Week 3 Summary
Chapter 3 pg 59-61
Thinkers from antiquity: Plato and Aristotle
• Plato and Aristotle were active in 4 century BCE Athens
• The city-states of this period were: agrarian, pre-industrial societies, dependant on the
continued exploitation of slave & many whom were captured at war.
• Athens was a democracy- (including women and children in their assembly; 500 people)
• Neither Plato or Aristotle were democratic
o Philosophy presented in dialogue between noblemen and Socrates
o Socrates presented Plato’s position
o He challenged the common-sense opinions by rigorous questions- this leads the
readers into contradictions
o Wants to move his audience from opinion to knowledge
o The forms – enduring reality that can be approached only through thought.
o Plato’s most famous work; The republic touches upon – THE NATURE OF
Socrates demonstrates the flaw of conventional understanding of justice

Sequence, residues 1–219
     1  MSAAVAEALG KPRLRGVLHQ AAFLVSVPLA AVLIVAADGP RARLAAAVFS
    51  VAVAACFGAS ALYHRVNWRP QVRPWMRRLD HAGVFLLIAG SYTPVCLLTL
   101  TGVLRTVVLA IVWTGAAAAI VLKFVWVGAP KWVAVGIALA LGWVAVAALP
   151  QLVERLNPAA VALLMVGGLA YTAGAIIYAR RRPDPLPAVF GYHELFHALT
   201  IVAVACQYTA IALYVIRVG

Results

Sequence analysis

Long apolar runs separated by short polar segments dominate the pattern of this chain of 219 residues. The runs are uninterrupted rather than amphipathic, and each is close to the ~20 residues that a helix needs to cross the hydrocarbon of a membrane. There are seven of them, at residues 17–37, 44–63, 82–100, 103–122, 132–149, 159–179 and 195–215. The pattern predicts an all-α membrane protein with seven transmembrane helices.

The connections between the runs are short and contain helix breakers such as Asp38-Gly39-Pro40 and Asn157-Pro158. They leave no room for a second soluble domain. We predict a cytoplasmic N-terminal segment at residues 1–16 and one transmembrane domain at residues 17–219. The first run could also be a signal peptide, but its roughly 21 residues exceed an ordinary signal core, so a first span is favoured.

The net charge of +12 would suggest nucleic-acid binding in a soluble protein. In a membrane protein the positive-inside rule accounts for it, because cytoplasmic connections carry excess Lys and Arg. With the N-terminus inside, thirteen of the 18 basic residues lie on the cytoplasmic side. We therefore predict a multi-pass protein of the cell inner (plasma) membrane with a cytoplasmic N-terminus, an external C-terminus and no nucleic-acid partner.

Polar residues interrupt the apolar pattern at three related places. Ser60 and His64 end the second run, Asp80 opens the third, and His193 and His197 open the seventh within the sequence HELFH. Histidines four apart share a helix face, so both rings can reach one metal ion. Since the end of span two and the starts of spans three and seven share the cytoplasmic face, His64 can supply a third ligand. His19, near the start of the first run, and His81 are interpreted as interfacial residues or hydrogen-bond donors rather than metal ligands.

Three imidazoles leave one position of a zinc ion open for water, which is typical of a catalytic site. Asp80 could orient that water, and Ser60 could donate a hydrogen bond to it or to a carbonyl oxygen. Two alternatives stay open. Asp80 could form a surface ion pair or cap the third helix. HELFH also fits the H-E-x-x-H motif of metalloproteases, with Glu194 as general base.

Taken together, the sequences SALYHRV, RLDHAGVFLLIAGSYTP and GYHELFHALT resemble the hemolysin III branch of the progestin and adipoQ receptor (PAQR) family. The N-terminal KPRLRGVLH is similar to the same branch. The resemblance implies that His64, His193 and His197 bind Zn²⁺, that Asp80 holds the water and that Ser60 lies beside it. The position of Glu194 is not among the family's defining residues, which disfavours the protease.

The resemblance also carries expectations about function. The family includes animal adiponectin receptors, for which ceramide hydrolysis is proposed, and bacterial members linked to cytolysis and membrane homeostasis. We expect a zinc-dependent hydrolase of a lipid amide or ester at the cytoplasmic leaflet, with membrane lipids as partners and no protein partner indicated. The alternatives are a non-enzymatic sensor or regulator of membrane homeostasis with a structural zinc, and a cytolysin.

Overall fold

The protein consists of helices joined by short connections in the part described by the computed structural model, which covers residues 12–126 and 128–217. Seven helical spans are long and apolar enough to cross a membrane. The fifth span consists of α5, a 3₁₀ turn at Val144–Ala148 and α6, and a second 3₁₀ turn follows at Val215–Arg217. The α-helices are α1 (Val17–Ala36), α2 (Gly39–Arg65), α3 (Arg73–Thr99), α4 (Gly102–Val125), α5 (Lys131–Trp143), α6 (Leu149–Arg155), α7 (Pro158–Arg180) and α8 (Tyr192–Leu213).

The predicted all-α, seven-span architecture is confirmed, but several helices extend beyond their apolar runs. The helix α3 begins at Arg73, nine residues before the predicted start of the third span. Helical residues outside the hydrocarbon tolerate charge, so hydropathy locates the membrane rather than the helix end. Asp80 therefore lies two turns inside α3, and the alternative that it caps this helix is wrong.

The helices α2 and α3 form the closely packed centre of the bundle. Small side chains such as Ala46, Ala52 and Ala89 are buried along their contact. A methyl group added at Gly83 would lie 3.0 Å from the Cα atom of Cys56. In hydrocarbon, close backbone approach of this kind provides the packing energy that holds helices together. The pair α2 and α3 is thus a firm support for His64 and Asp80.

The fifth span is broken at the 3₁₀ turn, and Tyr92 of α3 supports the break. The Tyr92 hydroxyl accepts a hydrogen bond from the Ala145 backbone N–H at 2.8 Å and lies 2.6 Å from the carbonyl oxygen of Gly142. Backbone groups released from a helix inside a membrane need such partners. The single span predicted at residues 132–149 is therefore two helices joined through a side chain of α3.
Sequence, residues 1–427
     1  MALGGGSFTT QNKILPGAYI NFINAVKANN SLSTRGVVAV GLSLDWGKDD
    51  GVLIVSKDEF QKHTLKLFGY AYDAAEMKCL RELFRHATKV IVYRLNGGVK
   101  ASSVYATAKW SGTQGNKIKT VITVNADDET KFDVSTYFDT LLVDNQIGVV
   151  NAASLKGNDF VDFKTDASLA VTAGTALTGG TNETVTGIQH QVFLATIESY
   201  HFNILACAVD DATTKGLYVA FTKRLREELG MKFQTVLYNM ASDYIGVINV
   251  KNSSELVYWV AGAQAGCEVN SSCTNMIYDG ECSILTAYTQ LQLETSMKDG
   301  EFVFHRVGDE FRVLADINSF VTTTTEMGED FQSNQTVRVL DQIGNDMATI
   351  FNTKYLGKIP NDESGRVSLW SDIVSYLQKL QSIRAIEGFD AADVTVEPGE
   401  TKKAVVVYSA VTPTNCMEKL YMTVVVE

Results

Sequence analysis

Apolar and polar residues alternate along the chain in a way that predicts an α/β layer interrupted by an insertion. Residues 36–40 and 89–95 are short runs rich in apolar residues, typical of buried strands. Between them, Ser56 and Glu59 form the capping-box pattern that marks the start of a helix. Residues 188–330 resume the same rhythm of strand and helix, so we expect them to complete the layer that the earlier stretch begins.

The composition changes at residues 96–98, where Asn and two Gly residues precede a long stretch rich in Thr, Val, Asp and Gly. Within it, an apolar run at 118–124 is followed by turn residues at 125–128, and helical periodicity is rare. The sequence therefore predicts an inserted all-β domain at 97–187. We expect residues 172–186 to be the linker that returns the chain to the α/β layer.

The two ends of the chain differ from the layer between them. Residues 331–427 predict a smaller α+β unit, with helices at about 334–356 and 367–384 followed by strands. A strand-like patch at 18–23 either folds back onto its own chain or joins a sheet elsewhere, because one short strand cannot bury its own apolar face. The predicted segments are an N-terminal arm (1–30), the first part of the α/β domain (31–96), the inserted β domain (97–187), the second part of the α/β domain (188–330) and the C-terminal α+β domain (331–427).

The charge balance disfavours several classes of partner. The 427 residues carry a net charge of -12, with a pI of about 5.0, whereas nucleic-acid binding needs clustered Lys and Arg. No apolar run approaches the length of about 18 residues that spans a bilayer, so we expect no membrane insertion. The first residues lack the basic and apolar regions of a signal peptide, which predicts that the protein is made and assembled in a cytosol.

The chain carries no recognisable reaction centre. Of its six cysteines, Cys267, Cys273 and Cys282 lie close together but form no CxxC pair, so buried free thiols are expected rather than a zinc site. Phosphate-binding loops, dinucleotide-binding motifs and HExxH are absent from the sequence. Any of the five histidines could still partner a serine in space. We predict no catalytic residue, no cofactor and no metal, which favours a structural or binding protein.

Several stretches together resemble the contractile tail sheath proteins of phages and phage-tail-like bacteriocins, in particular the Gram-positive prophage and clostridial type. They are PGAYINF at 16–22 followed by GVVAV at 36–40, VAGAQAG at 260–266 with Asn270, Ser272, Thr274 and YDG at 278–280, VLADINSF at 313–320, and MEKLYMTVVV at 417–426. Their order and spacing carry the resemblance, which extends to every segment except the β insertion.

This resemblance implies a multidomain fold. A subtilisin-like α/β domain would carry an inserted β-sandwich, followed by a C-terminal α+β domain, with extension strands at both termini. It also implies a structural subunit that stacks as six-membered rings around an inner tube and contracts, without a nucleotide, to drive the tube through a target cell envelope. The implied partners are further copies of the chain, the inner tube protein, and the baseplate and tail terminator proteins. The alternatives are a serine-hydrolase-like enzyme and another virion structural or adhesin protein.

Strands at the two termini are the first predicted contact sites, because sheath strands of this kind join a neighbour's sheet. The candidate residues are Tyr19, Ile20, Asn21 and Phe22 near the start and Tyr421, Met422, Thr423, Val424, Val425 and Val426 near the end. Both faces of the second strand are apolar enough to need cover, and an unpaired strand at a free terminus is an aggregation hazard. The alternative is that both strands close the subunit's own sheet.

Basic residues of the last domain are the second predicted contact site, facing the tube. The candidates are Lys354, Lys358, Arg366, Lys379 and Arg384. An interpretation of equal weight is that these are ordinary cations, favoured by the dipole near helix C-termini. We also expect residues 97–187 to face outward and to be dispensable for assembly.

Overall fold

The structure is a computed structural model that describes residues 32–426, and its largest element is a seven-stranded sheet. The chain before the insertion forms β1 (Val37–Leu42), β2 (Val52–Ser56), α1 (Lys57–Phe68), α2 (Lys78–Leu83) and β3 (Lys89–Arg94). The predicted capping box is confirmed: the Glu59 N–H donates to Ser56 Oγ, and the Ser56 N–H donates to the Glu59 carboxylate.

and says that the human soul has 3 parts:
1. A rational part
2. A spirited or courageous part
3. An appetitive part
Mind over body, intellect over senses
For the city has 3 classes corresponding to the 3 parts of the soul
1. The guardians (the rational class)
2. Auxiliaries(the spirited class)
Justice in the city consists of each class performing its proper function.
Individuals are determined by nature for one class or another
The republic focuses on the raining the guardians must go under. (They
will eventually become philosophers and then rulers)
o Plato’s theory of society = NOT COMPATIABLE WITH DEOMCRACY o One of his lasting achievements was the academy – founded to provide
education for those who would become rulers.
o The most famous student of Plato’s
o Non-platonic features of Aristotle’s politics:
o The value of family life
o The pursuit of health and happiness
o Respect for public opinion
o Most important: THE ART OF THE POSSIBLE.
o Believes everything has a tellos – an end purpose to which it strives
o In both his ethics and politics Aristotle is concerned with how people realize the
telod that is uniquely human
o The concept of citizenship is central to Aristotle- to be a good citizen you must
fulfil the telos of being human.
o Aristotle considers whether we should be governed by the wisdom of wise rulers
or by the impartial neutrality of laws
Chapter 3 pg 64-66
Thinkers from the Mediev